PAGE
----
Petition: Lord, grant me a clean conscience like that of your foster father, Joseph.
- My Situation: A danger could exist on our spiritual journey. When everything is quiet, works well and is intelligible, or when others esteem our efforts, our life seems to flourish. On the other hand, when everything is tough, humiliating or painful, a repugnance seems to cast a gray cloud over us. We may even begin to wonder if God still loves us. We need to keep our faith in God strong always. Joseph is a good example for us to emulate, for he did not become discouraged easily when undergoing trials.
- A Clean Conscience: Joseph, a just man, wanted to believe Mary’s story, but the facts were too harsh to comprehend. He loved and cared for Mary, but he felt betrayed. Since he had a clean conscience, he tried to dismiss the perfect dream of taking Mary to be his wife and decided to divorce her quietly. God, seeing Joseph’s honesty, communicated to him the truth about Mary’s integrity. A message in a dream was enough to convince his willing heart. How willing am I to believe the works of God in my life? How willing am I to fulfill God’s will?
- Not All Is Easy for a Just Man: God chose a man of great integrity and detail to shoulder the daunting responsibility of raising his Son. Would Joseph ever have imagined that five months after taking Mary into his home he would have to take her to Bethlehem without any comforts or security during the journey? Would he ever have imagined that he would have to flee to Egypt, dodging swords and soldiers? This was the price he paid for being an honorable man. However, the Lord rewarded Joseph with being the foster father of the Creator of the Universe, with all the blessings and satisfactions that this would imply.
Conversation with Christ: O Christ, King and Lord, your foster father Saint Joseph provides me with an example of courage in bearing serenely the weight of life’s crosses and difficulties. Help me to see the beauty of giving limitlessly and surrendering my life to you.
Resolution: I will chat with Saint Joseph at some moment during the day, asking him to teach me how to be serene in times of trial.
March 21, 2023 – Tuesday of the Fourth Week of Lent
The Desire to Be Cured
There was a feast of the Jews, and Jesus went up to Jerusalem. Now there is in Jerusalem at the Sheep Gate a pool called in Hebrew Bethesda, with five porticoes. In these lay a large number of ill, blind, lame, and crippled. One man was there who had been ill for thirty-eight years. When Jesus saw him lying there and knew that he had been ill for a long time, he said to him, “Do you want to be well?” The sick man answered him, “Sir, I have no one to put me into the pool when the water is stirred up; while I am on my way, someone else gets down there before me.” Jesus said to him, “Rise, take up your mat, and walk.” Immediately the man became well, took up his mat, and walked. Now that day was a sabbath. So the Jews said to the man who was cured, “It is the sabbath, and it is not lawful for you to carry your mat.” He answered them, “The man who made me well told me, ‘Take up your mat and walk.’” They asked him, “Who is the man who told you, ‘Take it up and walk’?” The man who was healed did not know who it was, for Jesus had slipped away, since there was a crowd there. After this Jesus found him in the temple area and said to him, “Look, you are well; do not sin any more, so that nothing worse may happen to you.” The man went and told the Jews that Jesus was the one who had made him well. Therefore, the Jews began to persecute Jesus because he did this on a sabbath.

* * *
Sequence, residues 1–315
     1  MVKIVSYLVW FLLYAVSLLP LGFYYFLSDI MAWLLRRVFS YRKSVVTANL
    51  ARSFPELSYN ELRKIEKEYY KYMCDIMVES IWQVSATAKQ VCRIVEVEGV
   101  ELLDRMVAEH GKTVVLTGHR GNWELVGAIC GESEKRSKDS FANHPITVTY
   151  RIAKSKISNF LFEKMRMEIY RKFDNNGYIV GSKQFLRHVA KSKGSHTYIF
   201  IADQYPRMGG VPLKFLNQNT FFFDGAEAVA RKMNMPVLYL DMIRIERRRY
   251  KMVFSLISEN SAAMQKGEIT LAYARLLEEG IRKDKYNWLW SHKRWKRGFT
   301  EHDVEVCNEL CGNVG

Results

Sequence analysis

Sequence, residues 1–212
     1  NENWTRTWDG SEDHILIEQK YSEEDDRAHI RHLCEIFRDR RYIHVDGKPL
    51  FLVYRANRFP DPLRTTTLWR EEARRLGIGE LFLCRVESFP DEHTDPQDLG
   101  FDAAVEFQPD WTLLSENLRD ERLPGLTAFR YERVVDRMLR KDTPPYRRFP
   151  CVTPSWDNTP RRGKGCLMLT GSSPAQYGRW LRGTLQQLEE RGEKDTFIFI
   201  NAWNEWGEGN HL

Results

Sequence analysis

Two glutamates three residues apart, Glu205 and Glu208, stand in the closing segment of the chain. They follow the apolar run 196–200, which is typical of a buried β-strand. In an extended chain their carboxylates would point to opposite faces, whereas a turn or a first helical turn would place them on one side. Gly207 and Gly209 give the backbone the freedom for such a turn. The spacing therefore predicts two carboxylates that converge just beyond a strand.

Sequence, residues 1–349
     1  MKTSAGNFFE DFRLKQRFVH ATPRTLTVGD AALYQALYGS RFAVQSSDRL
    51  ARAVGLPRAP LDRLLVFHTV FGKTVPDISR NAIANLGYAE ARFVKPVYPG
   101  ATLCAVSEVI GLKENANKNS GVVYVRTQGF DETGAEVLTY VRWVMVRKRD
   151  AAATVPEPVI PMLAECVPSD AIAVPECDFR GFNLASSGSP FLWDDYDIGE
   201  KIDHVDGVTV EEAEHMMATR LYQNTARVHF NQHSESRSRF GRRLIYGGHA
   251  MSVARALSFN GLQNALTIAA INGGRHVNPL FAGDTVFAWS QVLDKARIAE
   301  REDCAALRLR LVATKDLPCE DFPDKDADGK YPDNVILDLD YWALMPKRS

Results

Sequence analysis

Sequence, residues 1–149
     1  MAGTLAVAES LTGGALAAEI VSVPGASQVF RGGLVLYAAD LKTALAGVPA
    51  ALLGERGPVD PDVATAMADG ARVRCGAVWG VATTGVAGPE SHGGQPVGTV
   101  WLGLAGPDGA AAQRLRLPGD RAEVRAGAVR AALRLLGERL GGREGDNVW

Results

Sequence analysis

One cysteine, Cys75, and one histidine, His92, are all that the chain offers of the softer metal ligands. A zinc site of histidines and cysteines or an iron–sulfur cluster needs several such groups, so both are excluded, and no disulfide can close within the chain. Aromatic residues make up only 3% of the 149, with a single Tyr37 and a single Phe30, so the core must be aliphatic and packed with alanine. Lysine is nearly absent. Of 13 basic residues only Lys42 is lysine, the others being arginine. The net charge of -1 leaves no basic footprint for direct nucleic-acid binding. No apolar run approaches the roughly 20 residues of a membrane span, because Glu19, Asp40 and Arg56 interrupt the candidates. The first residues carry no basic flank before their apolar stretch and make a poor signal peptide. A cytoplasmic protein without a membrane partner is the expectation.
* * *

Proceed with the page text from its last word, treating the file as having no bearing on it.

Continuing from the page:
Introductory Prayer: Lord Jesus, I look to you with faith, knowing that you are the Lord of all. I hope in your boundless mercy, since without you I can do nothing. I want to love as you deserve, so I come to you in this prayer to console you and bring you the joy of this moment together.
Petition: Lord, help me to be humble of heart so you will heal me.
- Christ’s Power Is Stronger: The man in the Gospel was ill for 38 years. His sickness serves as an example of a life of sin. In 1 John 2:16 we read about a triple spiritual sickness: “Sensual lust, enticement for the eyes, and a pretentious life.” However, not even a sickness persisting for 38 years is able to escape Jesus’ curing power. Christ’s power is stronger still. We should therefore take hope, for no sickness, no sin—or life of sin—is too great for him to cure. All that is needed is that we turn to him with a humble and contrite heart: “Lord, I am not worthy, but only say the word and I shall be healed.”